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102 views

Einstein's original papers predicting gravitational waves?

I came across the original handwritten papers in which Einstein predicted gravitational waves: and since LIGO announced they've detected a signal confirming the predictions I was wondering if ...
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How accurately do Airy discs need to be superimposed in an optical interferometer to create fringes?

In an astronomical optical interferometer, what is the largest amount of error in the alignment of the Airy disks of point source star images from different arms of the interferometer that will still ...
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Questions about Michelson interferometer

I have been doing experiment on Michelson experiment, but I don't quite understand why white light results in an interferogram with very few fringes, and why are they necessarily Gaussian? I know that ...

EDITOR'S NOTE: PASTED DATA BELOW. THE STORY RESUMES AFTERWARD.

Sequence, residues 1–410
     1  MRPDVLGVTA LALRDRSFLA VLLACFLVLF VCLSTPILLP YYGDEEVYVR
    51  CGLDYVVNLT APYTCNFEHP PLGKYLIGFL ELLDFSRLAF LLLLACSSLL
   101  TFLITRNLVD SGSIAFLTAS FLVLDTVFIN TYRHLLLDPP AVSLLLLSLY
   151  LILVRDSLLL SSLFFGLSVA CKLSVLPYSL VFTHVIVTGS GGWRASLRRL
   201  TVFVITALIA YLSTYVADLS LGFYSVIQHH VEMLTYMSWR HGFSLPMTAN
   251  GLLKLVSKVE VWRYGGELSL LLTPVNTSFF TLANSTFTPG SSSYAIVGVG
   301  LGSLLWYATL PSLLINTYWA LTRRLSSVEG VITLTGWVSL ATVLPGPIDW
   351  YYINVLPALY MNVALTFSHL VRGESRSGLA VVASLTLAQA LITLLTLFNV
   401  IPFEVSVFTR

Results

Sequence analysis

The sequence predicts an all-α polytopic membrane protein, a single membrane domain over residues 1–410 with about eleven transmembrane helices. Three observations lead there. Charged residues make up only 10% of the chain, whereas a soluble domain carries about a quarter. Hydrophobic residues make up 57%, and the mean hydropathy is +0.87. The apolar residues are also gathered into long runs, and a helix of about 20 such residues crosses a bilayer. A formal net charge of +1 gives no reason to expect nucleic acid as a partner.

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What is an Unbalanced Interferometer

I have read in some papers about a so-called unbalanced interferometer. This appears particularly in the context of Experimentally verifying the Englert-Greenberger-Yasin Duality Relation. However, I ...
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How to measure thickness of an ultra-thin metal layer?

I have a sample of a metal (aluminum/oxide) layer with a gradual thickness ranging from monolayer to 100nm. This layer is deposited on a transparent substrate, like glass. How can I measure this ...
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A problem regarding the Elitzur-Vaidman bomb tester

To quote wikipedia Step-by-step explanation After being emitted, the photon 'probability' wave will both pass through the first 50% reflecting mirror (take the lower-route) and be reflected ...